Edward and Bella are my least favorite characters in Twilight.  When a dude tells you that he's been watching you sleep without you being aware he's in your room, it's not romantic. Ever.

Anything Angelus did to Buffy.

Some of the things Angel did to Buffy.

There was a jeans commercial a few years ago where a beautiful woman was driving cross country and she's obviously in a desert.  A guy follows her when she stops and gives her something (sunglasses, maybe?)  She says, "Oh, where did I drop this?" And he says, "Nebraska."



weeblewobble

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Re: s/o things in movies/books that would lead to a restraining order in RL
« Reply #27 on: January 13, 2013, 06:50:03 PM »
And as much as I used to love "Pretty in Pink," Duckie is pretty much the textbook case of "Nice Guy Syndrome" in which a guy thinks he is owed a girl's primary romantic allegiance because he's her friend and such a nice guy and she has no right to date or love any one else until she's given him a chance.  Having been a target for one of these nice guys -who turned out to not be so nice when I turned him down- in college, has totally changed the context in which I watch that movie.  It actually makes me a little sick now.

doodlemor

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Re: s/o things in movies/books that would lead to a restraining order in RL
« Reply #28 on: January 13, 2013, 07:07:55 PM »
Here's one from days gone by - so my memory may be inexact.

In the movie Blue Hawaii the character played by Elvis Presley turns a young woman over his knee and *spanks her.*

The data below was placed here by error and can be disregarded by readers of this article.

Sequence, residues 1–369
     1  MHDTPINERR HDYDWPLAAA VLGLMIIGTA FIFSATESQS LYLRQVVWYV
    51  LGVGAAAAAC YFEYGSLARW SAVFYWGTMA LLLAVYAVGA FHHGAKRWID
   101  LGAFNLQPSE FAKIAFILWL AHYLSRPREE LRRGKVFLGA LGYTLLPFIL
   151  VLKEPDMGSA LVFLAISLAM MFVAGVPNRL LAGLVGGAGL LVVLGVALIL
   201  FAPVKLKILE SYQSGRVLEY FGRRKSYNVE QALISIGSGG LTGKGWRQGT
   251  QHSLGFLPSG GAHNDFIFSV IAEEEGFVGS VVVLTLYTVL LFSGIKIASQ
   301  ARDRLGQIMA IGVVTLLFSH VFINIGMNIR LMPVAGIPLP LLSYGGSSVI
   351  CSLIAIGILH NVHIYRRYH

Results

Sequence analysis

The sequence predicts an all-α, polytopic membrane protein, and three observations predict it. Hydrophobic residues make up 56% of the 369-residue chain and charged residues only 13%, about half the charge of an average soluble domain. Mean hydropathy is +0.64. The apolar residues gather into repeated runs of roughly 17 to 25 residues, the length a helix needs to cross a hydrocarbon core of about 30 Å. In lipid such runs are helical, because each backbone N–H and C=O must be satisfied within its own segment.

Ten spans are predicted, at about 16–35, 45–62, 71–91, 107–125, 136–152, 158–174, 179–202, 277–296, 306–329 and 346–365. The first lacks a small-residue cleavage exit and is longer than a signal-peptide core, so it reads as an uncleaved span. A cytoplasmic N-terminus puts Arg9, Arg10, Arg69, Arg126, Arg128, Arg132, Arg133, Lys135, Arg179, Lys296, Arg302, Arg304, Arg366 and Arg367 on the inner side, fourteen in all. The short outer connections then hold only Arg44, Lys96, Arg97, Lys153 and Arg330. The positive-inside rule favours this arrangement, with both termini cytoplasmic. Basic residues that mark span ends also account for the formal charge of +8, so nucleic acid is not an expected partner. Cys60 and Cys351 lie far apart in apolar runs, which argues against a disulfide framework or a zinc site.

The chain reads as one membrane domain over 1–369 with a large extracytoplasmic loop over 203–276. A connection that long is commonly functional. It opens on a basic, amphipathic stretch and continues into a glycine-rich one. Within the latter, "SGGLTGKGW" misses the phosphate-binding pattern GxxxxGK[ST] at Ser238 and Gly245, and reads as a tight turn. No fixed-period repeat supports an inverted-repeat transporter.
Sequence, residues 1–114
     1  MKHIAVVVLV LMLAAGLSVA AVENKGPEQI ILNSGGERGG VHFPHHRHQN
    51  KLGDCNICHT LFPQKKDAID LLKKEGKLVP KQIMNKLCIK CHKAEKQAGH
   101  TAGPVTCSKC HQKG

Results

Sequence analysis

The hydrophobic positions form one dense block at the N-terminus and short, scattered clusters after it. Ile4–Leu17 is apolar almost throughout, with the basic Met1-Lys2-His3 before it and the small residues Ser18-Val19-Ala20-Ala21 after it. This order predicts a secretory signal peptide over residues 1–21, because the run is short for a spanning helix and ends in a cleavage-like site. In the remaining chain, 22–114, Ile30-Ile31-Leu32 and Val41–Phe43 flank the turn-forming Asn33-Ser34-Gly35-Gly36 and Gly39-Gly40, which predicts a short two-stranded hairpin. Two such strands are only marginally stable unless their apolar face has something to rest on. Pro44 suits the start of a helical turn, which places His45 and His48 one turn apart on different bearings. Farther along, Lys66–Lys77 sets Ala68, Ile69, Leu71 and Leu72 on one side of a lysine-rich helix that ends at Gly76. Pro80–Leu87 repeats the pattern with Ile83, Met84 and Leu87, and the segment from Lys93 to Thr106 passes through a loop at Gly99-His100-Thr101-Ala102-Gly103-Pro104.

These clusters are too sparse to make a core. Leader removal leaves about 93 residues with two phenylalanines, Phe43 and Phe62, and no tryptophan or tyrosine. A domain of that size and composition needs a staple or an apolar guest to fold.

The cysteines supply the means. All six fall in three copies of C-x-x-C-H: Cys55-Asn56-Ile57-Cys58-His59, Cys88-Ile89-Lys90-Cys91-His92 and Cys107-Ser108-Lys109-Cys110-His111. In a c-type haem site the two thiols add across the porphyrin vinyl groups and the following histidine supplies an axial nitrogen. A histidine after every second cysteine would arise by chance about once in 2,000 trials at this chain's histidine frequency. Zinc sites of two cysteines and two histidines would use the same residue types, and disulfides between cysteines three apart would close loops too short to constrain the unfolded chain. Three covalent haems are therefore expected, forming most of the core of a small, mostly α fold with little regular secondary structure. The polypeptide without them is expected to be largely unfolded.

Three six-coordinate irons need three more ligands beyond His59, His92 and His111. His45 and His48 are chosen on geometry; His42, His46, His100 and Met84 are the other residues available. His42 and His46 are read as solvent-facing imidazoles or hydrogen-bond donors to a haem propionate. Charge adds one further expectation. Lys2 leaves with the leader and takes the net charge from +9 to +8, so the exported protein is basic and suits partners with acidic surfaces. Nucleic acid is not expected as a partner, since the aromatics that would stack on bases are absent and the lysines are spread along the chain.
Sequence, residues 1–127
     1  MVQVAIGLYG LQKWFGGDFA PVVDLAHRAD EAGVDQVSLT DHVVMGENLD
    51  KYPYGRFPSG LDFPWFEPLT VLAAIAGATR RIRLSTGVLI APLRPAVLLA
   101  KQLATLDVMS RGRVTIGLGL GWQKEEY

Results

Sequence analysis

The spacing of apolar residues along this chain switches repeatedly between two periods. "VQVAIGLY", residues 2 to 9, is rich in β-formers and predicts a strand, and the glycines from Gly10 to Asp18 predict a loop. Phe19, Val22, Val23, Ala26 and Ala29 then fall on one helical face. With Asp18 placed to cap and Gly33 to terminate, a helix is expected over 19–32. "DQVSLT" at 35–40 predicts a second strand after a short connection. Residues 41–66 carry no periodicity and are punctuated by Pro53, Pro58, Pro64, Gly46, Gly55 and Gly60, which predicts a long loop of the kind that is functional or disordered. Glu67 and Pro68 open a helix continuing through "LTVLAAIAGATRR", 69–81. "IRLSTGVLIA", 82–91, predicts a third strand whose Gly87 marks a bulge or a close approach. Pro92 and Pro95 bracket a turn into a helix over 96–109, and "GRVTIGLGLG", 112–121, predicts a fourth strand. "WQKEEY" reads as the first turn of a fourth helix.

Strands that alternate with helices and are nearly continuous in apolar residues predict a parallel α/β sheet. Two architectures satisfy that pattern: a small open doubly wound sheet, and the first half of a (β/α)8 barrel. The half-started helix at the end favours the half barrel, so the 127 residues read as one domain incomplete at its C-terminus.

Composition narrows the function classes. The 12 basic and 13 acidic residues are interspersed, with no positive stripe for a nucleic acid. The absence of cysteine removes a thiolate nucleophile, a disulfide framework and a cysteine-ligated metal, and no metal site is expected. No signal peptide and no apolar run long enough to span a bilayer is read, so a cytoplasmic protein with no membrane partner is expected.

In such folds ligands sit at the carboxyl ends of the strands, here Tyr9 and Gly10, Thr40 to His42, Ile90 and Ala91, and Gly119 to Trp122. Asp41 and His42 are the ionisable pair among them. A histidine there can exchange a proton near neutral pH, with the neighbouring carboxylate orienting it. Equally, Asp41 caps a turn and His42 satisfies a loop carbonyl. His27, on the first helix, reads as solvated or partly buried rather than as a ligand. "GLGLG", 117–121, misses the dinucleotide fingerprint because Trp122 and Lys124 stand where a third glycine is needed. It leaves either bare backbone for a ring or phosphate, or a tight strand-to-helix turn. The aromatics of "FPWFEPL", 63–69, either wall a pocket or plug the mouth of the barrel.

Elvis was playing a tour guide in Hawaii, and was shepherding a group of young women around the island.  I think that they might have been high school age.  The person that he later spanked acted very bratty for the first part of the movie, and then I think she tried to commit suicide by throwing herself in the ocean at night.  Elvis fished her out of the surf and spanked her.

Voila!  Her apparently poor mental health was restored to normal.  She turned into a well behaved person and told Elvis that he was the first person who cared enough about her to do that.  Such bizarre logic was not unusual in movies at the time, which was 1961.


Snowy Owl

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Re: s/o things in movies/books that would lead to a restraining order in RL
« Reply #29 on: January 13, 2013, 07:09:37 PM »
I love MaryJanice Davidson, but has anyone read "Love's Prisoner"  in the Wyndham Werewolf series. The start of that is just wrong. The entire book is premised on him raping a woman, her being pregnant and him locking her up to make her marry him.  Only it's told in a "it was destiny and he could not resist her" way  :o

She writes in a really cutesy way (I love the Queen Betsy series)

I could not get passed the first chapter.

Not read it but it sounds horrible.  I always preferred the attitude Linda Hamilton took in Terminator 2, that there's no fate but what we make.  I hate it when people are pressured into being with someone because there's some destiny that they need to be together. People being together because they want to be, is much more my idea of a romance novel.